Saturday, August 9, 2014

If Only Clubber Lang Had Taken on Pyongyang...

Im watching a M*A*S*H episode from 1981. Thankfully, MeTV runs restored versions of M*A*S*H that include scenes, or parts of scenes, long ago hacked out by greedier broadcasters squeezing episodes for every last second of commercials. Some of these scenes likely have not been shown for decades—I certainly dont recall a lot of them despite being a M*A*S*H aficionado since the mid-70s. 

Tonight, it was Episode 223, “Give ‘Em Hell, Hawkeye,” in which Capt. Pierce, fed up with year-long peace talks that have achieved nothing, pens a letter to President Truman, narrating it in voice-over as he writes. And as Hawkeye writes his letter, he refers to Harry—in newly restored dialogue—as “Mr. T.”

Now, the actual Mr. T, Laurence Tureaud, took that name in the late 1970s, but he was, by and large, anonymous until appearing as “Clubber Lang” in Rocky III, which debuted over Memorial Day weekend in 1982.

So, clearly, Hawkeye using the name “Mr. T” in an episode filmed nearly a year earlier is unrelated to the yet-to-be celebrity of Mr. T.*

But I can’t help wondering: if Mr. T had only become a Hollywood name a matter of months earlier, he could have actually portrayed President Truman in that M*A*S*H episode (M*A*S*H already had a long history of employing young, ascendant actors in guest roles). I see the episode as a two-parter, in which President Truman, “Mr. T,” responds to Hawkeye with a letter of his own—and, as did Hawkeye, narrating his reply in voice-over as he writers it...perhaps over a montage of his training regimen in the Oval Office, such as jumping rope, using a speed bag, or whatever else passed for hardcore cardio training in the early 1950s. 

Dear Capt. Pierce,
Thank you for your letter pleading for me to end this police action. However, you don’t seem to understand politics. One doesn’t back down from international threats to peace. South Korea was attacked. Attacked! You get it? If that little man, Kim Il-sung, don’t wanna come to the peace table, then I’ll come to him. The United States is ranked No. 1. ONE! That means we’re the best. But that bum has been taking the easy matches, sneak-attacking its peaceful neighbor. I’m telling you and everybody else at the 4077th: the United States will fight North Korea anywhere, anytime, for nothing. No, I don’t hate Kim Il-sung…but I pity the fool, and we will destroy any man who tries to take what we got.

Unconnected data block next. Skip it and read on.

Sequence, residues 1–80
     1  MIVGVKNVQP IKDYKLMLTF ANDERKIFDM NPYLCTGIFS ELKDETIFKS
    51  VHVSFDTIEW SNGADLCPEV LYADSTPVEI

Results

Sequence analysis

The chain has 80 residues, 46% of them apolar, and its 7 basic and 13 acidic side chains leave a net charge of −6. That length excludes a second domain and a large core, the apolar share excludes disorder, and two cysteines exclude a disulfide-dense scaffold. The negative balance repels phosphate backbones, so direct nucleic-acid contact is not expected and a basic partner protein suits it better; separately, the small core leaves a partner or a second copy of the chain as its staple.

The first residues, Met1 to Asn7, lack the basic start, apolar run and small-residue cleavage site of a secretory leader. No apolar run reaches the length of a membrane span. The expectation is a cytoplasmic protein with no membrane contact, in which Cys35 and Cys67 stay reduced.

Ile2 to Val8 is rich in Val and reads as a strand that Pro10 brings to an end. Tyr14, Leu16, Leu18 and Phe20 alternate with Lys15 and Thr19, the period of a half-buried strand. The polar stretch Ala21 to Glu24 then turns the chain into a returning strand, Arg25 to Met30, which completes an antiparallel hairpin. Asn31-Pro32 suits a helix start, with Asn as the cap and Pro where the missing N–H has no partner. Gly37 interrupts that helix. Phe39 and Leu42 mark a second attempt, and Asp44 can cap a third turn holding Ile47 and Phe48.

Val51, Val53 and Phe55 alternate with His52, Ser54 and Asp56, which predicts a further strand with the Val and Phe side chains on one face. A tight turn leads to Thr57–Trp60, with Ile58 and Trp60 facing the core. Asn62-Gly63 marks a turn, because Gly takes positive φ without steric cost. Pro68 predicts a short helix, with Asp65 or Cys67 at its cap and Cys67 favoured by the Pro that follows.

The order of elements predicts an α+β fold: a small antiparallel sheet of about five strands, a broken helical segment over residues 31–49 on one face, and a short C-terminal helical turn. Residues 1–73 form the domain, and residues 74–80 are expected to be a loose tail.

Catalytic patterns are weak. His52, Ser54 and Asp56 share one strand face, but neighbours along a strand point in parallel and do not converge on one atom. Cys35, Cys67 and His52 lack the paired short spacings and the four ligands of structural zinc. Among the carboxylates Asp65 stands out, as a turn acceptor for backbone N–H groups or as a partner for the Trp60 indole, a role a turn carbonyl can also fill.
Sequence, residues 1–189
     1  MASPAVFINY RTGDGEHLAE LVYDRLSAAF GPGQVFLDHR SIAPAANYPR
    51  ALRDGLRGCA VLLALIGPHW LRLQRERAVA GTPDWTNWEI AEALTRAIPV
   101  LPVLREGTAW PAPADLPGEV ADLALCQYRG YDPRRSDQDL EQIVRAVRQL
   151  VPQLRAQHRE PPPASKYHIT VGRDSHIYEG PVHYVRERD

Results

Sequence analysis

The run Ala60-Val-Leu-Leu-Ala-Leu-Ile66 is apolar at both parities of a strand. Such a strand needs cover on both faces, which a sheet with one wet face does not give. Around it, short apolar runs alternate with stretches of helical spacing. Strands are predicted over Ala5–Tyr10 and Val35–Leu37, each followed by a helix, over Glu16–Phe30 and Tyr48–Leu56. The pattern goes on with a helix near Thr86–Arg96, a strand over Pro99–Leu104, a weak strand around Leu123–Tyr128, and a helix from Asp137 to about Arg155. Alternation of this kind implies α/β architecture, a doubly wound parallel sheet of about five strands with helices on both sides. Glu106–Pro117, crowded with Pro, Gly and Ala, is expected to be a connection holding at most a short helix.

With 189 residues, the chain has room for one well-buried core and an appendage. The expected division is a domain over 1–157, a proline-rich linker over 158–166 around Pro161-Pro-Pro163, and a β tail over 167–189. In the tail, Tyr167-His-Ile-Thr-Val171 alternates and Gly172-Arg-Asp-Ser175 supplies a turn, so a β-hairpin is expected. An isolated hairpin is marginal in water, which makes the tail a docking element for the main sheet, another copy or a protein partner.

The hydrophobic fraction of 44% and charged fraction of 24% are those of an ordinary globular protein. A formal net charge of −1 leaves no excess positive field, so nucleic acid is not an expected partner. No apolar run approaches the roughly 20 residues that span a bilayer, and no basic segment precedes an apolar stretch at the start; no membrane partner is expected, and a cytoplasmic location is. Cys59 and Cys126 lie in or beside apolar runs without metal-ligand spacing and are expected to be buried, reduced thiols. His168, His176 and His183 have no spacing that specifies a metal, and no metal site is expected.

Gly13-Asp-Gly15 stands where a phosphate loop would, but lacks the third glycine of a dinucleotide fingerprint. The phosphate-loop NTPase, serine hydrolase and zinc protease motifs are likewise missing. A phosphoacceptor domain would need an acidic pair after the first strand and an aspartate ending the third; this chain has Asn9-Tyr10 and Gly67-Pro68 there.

In closing, my prediction for the war: pain. 

Yours sincerely, 
President T

With aggressiveness that would’ve made Gen. Douglas MacArthur look like a Salvation Army bell ringer and accountability that would’ve left Harry S. Truman resembling a shriveling buck-passer, Mr. T might well have provided a ratings spike and seriocomic possibilities encouraging the stable of M*A*S*H writers to continue for several more seasons—perhaps even long enough to necessitate a romance between Hot Lips Houlihan and SSgt. Rizzo that would have perfectly encapsulated the lunacy of war...not to mention paved the way for either the best or the worst spin-off in television history.

*Far predating this M*A*S*H episode, a Welcome Back, Kotter spin-off called Mr. T and Tina briefly ran on ABC in 1976, but the show was so short-lived and obscure that not even its star, Pat Morita, remembered it. Perhaps if he’d come up with the “Crane” a decade earlier…

(Image from M*A*S*H copyright CBS.)

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